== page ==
Thus, human selection of naturally occurring genetic variation, resulting from mutation and sexual recombination (through crosses), led to the evolution of the modern potato crop.

The development of transformed potato lines carrying specific genes from unrelated organisms (e.g. different plant families, bacteria, viruses, and synthetic genes) is made possible through biotechnology. Traditionally, many crosses may be required to ensure that specific genes are passed on to their progeny. Transformation techniques allow breeders to directly transfer an isolated gene without transferring the entire donor genome in excess. The result is an efficient mechanism which allows the introgression of new genes into a crop species for which traditional hybridization barriers prevented genetic exchange.

The recent advent of biotechnology and emerging alternate methods for improving potato cultivars have added another dimension to the potato industry. The difficulty to the inspector, however, is that the cultivars, although genetically altered, have no visual changes. For instance, a genetically altered (transgenic) Russet Burbank potato cannot be distinguished from one that is unaltered unless sophisticated molecular techniques are employed.

10.4 Transformation of Potato Cultivars

Several transgenic potato lines have been obtained by the direct introduction of new genes into existing cultivars to confer desirable novel characteristics.

The gene is the unit of inheritance passed on to its progeny. Each gene generally carries the information representing a particular protein, and when expressed, these proteins determine the characteristics of an organism. In some cases, a gene may govern a particular trait, such as an organism's resistance to disease, while in other cases, a specific characteristic may be determined by many genes. In plant pest terms, these types of resistance are called horizontal (many genes) or vertical (single gene) resistance.

PNTs are defined by the following:

Potato varieties/genotypes that have been intentionally selected, created or introduced into a population possessing characteristics that do not demonstrate familiarity nor substantial equivalence to those present in a distinct, stable population with respect to specific use and safety and to both environment and human health.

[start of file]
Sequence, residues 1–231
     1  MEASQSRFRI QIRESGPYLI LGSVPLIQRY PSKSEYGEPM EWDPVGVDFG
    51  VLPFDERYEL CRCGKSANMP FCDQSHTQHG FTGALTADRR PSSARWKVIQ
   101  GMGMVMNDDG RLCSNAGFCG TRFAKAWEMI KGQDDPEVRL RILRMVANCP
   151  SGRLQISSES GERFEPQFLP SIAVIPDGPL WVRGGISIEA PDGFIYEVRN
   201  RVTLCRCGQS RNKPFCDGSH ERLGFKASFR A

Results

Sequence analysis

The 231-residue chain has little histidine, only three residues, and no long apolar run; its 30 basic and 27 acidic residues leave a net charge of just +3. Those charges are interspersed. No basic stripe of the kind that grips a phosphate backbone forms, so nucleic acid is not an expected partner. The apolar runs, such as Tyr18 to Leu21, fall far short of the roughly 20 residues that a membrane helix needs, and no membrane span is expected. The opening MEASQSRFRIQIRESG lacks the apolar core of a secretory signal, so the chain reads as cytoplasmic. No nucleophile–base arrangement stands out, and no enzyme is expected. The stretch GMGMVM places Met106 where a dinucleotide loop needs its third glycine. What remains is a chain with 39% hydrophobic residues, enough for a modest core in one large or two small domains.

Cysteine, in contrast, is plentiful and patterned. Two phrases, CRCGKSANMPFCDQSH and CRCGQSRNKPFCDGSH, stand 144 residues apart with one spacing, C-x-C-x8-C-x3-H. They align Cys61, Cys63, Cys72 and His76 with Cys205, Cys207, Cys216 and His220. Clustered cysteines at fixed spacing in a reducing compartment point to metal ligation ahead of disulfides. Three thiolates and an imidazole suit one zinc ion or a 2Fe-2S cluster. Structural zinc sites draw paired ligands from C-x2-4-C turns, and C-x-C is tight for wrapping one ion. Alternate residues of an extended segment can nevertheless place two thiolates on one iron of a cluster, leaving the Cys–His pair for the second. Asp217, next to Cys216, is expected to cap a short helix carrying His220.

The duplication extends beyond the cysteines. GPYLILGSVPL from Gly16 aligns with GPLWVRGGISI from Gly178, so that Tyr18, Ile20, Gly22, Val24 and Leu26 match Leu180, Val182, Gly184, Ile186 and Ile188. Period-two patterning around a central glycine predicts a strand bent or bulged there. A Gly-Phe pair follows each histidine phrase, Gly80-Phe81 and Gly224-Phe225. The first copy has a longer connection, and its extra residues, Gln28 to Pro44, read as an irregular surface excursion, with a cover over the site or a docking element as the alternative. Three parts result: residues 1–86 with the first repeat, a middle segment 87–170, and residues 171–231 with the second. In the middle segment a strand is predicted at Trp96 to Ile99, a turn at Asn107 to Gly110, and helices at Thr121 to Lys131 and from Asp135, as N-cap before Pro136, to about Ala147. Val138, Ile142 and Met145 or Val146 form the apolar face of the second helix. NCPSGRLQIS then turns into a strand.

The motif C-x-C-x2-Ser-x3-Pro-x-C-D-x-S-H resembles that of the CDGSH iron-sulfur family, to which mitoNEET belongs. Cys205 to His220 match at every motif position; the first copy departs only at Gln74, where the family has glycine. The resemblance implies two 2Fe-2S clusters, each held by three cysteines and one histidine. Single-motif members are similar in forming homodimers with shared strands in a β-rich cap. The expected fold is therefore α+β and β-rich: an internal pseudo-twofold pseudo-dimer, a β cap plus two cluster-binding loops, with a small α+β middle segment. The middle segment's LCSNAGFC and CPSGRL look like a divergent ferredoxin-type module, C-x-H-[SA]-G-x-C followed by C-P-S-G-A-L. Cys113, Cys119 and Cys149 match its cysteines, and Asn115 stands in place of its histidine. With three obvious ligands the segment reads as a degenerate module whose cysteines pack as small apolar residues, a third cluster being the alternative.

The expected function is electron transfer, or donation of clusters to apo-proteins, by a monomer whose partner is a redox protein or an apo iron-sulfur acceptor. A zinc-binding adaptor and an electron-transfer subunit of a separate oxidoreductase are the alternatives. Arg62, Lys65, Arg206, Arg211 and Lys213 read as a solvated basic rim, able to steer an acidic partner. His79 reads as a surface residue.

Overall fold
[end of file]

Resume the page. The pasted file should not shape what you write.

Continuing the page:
PNTs may be produced by conventional breeding, mutagenesis, or more commonly, recombinant DNA techniques. Safety assessments regarding weediness potential, gene flow, plant pest potential, impact on non-target organisms and impact on biodiversity are required for all PNTs intended for importation and for environmental release in Canada.

Some examples of potatoes with novel traits include:

  • Potato plants containing viral genes that confer cross-tolerance to related viral infections (PVY, PVX or PLRV);
  • Potato plants that contain a bacterial gene that confers tolerance to attack from the Colorado potato beetle;
  • Potato plants that contain new genes that confer tolerance to bacterial and fungal diseases; and,
  • Potato with modified nutritional value (e.g. higher starch content).
Figure 10-1 A Demonstration of Gene Insertion

The following image is a diagram which provides a demonstration of gene insertion through cloning, using a source of DNA and host DNA.

Image - Processes involved in the regulation of plants with novel traits in Canada. Description follows.
Description for Figure 10-1

This image demonstrates gene insertion through cloning using a source of DNA and host DNA. The first part of the image shows the DNA before it has been cut; the source DNA is green and the host DNA is purple. The host DNA is then cut into two, and a portion of the source of DNA is cut out. This portion is then inserted into the Host DNA.

Genetic engineering of a potato plant begins with the identification and characterization of a target gene. The gene is then isolated from the donor organism, copied and cloned, using specialized enzymes, into another organism's DNA (see Figure 10-1). Transformation will introduce the new gene, with any additional DNA components required for its stable expression (e.g. a promoter, a terminator, and a specific marker gene). The promoter and terminator together regulate expression, that is, turning the gene on and off. In addition the promoter also controls where the gene will be expressed within the plant (i.e. only in the leaves, only in the roots, or throughout the entire plant). The marker gene must be inserted at the same time with the target gene to allow for the identification and selection of the transformed cells during development in the laboratory. Frequently, marker genes code for antibiotic resistance, allowing the recipient cells to be grown in the presence of certain antibiotics, unlike the unmodified cells.

In nature, Agrobacterium tumefaciens causes the development of crown gall disease by invading plant wounds and transferring a segment of its own external plasmid DNA. When using Agrobacterium to genetically modify plants, the disease-causing parts of the Agrobacterium are removed using restriction enzymes. The new genes of agronomic importance (such as improved nutritional value) are then cloned, or inserted, into the plasmid. The Agrobacterium is allowed to infect plant cells (usually segments of leaf, stem or mini-tubers) resulting in the introduction of the new gene into the host plant DNA. The transformed cells are then grown into full plants (see Figure 10-2). The plants exhibiting both the newly incorporated trait conferred by the new gene and the characteristics of the unmodified cultivars are then selected for further testing.

Figure 10-2 Transformation of Potato Cultivars

The following image demonstrates the transformation of potato cultivars involving the infection of tissues which causes the transfer of DNA, the regeneration, and the final result which is the transformed plant.

Image - Figure 10-2 Transformation of Potato Cultivars. Description follows.